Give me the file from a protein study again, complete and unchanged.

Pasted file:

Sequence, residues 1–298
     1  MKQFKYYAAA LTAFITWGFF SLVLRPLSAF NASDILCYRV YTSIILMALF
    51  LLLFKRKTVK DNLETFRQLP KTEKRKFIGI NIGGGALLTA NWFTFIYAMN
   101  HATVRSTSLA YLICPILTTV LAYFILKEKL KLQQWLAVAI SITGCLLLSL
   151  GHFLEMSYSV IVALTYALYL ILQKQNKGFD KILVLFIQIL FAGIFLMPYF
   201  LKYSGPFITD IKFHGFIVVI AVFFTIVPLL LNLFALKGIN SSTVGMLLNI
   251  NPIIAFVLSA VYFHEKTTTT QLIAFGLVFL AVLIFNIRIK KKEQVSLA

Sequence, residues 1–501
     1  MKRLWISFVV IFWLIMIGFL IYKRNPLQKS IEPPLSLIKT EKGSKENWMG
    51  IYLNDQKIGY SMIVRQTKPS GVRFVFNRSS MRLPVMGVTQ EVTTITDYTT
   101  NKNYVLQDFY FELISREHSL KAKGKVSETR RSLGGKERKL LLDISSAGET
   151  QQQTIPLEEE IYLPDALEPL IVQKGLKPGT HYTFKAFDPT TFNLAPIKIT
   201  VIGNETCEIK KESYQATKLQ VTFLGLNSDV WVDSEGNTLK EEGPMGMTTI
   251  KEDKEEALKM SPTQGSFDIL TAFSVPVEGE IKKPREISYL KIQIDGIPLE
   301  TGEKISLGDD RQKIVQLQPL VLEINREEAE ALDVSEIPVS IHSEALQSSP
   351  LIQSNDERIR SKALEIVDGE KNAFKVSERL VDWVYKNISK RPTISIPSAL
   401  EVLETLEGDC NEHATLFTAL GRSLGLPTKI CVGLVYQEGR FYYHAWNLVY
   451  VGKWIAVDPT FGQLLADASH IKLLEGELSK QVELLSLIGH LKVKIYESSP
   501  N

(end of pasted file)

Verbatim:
Sequence, residues 1–298
     1  MKQFKYYAAA LTAFITWGFF SLVLRPLSAF NASDILCYRV YTSIILMALF
    51  LLLFKRKTVK DNLETFRQLP KTEKRKFIGI NIGGGALLTA NWFTFIYAMN
   101  HATVRSTSLA YLICPILTTV LAYFILKEKL KLQQWLAVAI SITGCLLLSL
   151  GHFLEMSYSV IVALTYALYL ILQKQNKGFD KILVLFIQIL FAGIFLMPYF
   201  LKYSGPFITD IKFHGFIVVI AVFFTIVPLL LNLFALKGIN SSTVGMLLNI
   251  NPIIAFVLSA VYFHEKTTTT QLIAFGLVFL AVLIFNIRIK KKEQVSLA

Sequence, residues 1–501
     1  MKRLWISFVV IFWLIMIGFL IYKRNPLQKS IEPPLSLIKT EKGSKENWMG
    51  IYLNDQKIGY SMIVRQTKPS GVRFVFNRSS MRLPVMGVTQ EVTTITDYTT
   101  NKNYVLQDFY FELISREHSL KAKGKVSETR RSLGGKERKL LLDISSAGET
   151  QQQTIPLEEE IYLPDALEPL IVQKGLKPGT HYTFKAFDPT TFNLAPIKIT
   201  VIGNETCEIK KESYQATKLQ VTFLGLNSDV WVDSEGNTLK EEGPMGMTTI
   251  KEDKEEALKM SPTQGSFDIL TAFSVPVEGE IKKPREISYL KIQIDGIPLE
   301  TGEKISLGDD RQKIVQLQPL VLEINREEAE ALDVSEIPVS IHSEALQSSP
   351  LIQSNDERIR SKALEIVDGE KNAFKVSERL VDWVYKNISK RPTISIPSAL
   401  EVLETLEGDC NEHATLFTAL GRSLGLPTKI CVGLVYQEGR FYYHAWNLVY
   451  VGKWIAVDPT FGQLLADASH IKLLEGELSK QVELLSLIGH LKVKIYESSP
   501  N